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Project Liberty – A Brave Step For EMC?

Project Liberty – A Brave Step For EMC?

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In the run-up to EMC World next week, EMC has released information about something they are calling “Project Liberty”, which appears to be a virtual appliance based on VNX.  Is this a serious attempt to deliver products for the ethereal Software Defined Data Centre and what risk does this pose to EMC’s traditional storage business?

Late To The Party

Virtual Storage Appliances (VSAs) are nothing new and many companies have been selling products in this space for some time.  You can take your pick from supported products like NexentaStor, HP StoreVirtual VSA, HP StoreOnce VSA, NetApp Data ONTAP Edge, Open-E, Nasuni Storage Controller, VMware VSA and free products such as OpenFiler and FreeNAS.  EMC itself has already released unsupported versions of Celerra and VNX as a VSA and there are product offerings from other companies that provide functionality similar to virtual storage arrays, including open source products like Ceph and GlusterFS.

So what’s new about this move by EMC?  Firstly, let’s note this is a “project” and not yet specifically a product, so we have no guarantee EMC will actually turn this into a fully fledged product offering.  However if this becomes a product EMC choose to license and support, it does signal the acceptance from EMC that their hardware business isn’t sustainable in the long term.  In fact that’s something we already can start to see appearing in EMC’s financials.

1Q2014 figures showed the Information Services division revenues declined by 3% and when “high-end” storage was excluded (e.g. VMAX) there was actually a 6% growth, meaning VMAX figures were worse than the overall number.  Of course one swallow does not a summer make, but we can see a trend of reduced growth in the high end business over recent reporting periods.

Tough At The Top

So why is this decline happening?  In recent years we’ve seen a move away from highly centralised SAN-based storage to silos of technology.  Converged and hyper-converged infrastructure has taken some of that business, plus we’ve seen a range of flash startups taking market share as well as impressive growth figures from the likes of HP with 3PAR.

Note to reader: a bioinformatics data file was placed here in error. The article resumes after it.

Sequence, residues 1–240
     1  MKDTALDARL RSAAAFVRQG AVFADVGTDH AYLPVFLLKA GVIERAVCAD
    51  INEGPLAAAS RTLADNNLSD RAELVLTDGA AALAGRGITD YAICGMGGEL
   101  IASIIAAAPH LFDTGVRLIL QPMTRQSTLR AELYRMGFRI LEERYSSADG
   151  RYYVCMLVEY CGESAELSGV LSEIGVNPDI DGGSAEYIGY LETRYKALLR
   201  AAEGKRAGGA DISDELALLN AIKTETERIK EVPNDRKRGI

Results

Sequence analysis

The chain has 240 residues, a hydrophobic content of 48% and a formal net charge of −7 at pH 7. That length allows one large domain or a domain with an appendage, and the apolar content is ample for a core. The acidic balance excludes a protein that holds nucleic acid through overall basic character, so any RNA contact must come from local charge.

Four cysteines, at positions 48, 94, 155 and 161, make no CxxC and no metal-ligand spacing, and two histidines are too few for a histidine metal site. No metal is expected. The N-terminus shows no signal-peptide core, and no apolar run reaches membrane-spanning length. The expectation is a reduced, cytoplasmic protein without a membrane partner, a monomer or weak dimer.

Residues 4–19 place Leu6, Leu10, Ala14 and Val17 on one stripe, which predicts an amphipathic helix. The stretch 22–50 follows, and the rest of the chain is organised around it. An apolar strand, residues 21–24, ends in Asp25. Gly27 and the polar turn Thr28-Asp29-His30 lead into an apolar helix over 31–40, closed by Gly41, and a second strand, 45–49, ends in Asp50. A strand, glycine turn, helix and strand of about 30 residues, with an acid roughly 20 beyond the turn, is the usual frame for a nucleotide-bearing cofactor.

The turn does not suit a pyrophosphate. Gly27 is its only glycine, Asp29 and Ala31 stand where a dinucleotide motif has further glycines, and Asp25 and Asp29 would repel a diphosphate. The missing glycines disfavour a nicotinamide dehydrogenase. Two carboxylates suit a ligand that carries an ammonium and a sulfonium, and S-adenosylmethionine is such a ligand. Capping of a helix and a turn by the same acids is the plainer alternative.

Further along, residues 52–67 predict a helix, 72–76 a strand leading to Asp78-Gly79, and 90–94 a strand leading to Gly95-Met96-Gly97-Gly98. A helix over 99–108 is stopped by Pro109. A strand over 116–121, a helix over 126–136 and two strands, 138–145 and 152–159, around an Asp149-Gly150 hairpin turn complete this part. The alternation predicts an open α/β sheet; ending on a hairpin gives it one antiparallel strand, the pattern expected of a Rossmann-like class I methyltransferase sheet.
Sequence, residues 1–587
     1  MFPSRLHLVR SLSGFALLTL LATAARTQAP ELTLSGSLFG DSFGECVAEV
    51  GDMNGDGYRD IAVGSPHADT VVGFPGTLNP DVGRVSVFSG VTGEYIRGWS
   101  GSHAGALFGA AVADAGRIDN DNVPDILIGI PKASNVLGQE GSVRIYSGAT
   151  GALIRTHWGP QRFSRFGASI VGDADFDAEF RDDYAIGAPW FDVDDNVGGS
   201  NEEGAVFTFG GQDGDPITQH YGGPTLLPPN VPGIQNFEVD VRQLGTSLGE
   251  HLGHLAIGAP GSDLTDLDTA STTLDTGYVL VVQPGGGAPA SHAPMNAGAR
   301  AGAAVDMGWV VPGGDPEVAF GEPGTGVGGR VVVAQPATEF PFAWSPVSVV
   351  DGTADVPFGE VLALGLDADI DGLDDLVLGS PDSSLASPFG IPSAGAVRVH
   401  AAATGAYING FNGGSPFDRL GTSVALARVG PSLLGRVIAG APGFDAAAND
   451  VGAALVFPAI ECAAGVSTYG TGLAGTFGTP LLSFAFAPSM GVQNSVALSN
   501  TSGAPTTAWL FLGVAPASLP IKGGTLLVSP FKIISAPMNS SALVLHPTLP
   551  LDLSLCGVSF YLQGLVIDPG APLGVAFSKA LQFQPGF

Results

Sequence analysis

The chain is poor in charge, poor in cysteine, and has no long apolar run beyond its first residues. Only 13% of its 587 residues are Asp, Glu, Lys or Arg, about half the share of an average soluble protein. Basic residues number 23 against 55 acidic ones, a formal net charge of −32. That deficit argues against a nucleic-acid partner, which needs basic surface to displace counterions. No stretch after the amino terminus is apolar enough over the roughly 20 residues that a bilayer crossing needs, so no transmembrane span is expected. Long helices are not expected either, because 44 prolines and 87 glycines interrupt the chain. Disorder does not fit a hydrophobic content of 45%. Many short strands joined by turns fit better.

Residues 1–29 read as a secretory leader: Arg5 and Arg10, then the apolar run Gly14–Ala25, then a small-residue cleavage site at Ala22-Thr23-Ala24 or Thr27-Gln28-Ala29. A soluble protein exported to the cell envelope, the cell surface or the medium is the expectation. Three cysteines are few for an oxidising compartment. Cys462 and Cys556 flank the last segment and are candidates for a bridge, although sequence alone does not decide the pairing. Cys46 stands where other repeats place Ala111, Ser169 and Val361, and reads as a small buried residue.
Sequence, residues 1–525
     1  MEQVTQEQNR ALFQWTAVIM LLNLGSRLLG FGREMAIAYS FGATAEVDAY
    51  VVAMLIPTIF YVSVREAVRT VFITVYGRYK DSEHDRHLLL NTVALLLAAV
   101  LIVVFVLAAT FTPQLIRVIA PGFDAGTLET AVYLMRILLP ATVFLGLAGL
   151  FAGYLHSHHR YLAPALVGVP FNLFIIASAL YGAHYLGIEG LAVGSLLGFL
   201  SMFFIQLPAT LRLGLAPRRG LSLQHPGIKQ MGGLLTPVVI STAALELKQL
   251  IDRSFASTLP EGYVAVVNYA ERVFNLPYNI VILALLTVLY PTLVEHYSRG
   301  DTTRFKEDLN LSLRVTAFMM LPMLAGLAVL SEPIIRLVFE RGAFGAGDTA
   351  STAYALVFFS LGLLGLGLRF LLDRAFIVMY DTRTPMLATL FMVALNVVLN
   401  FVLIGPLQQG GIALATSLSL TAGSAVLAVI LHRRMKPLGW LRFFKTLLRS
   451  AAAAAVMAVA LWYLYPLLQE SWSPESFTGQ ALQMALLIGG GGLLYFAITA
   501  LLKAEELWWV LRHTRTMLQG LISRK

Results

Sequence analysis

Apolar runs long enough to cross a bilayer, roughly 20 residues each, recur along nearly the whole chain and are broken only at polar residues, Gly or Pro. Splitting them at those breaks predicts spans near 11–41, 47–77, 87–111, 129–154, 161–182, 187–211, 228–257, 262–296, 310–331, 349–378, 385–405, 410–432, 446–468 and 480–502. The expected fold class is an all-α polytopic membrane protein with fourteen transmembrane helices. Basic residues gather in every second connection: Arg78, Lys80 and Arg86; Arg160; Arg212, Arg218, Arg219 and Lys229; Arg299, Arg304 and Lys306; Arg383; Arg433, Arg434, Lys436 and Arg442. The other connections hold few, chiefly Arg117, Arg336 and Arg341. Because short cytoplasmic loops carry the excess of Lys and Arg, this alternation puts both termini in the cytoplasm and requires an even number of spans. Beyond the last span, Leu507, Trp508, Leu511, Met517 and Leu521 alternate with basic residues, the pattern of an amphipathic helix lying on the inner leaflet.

Over time we can expect to see more business move to private and public cloud and while this change might take some time, it means EMC and others can’t grow their high end business as aggressively as they used to.  Software-only versions of EMC’s existing products offer a way to monetise the value of the IP built into those products.  There’s no longer any value in the hardware as these platforms are pretty much commodity, so selling the software IP is an attractive alternative.

Other vendors have seen this approach as having value in moving into the cloud.  NetApp already has Private Storage for AWS (see their partnership with Zadara Storage) which allows customers to get their data into a cloud provider using NetApp’s replication technology.  HP are well on the way to providing virtual appliances of their major storage products (StoreVirtual VSA and StoreOnce VSA), including packaging them as part of converged solutions.

Benefits and Disadvantages

Packaging systems as VSAs has some good and bad points (depending on your point of view).  For the customer, there’s the option to use a VSA to keep a consistent infrastructure, perhaps at a branch location or smaller data centre.  This means features, functionality and management tools can all be kept the same, while reducing the overall cost of deployment.  However deploying a VSA can be more work for the customer.  It means choosing the right hardware (depending on whether deployed as a VSA or on bare metal) and performance can be more difficult to quantify.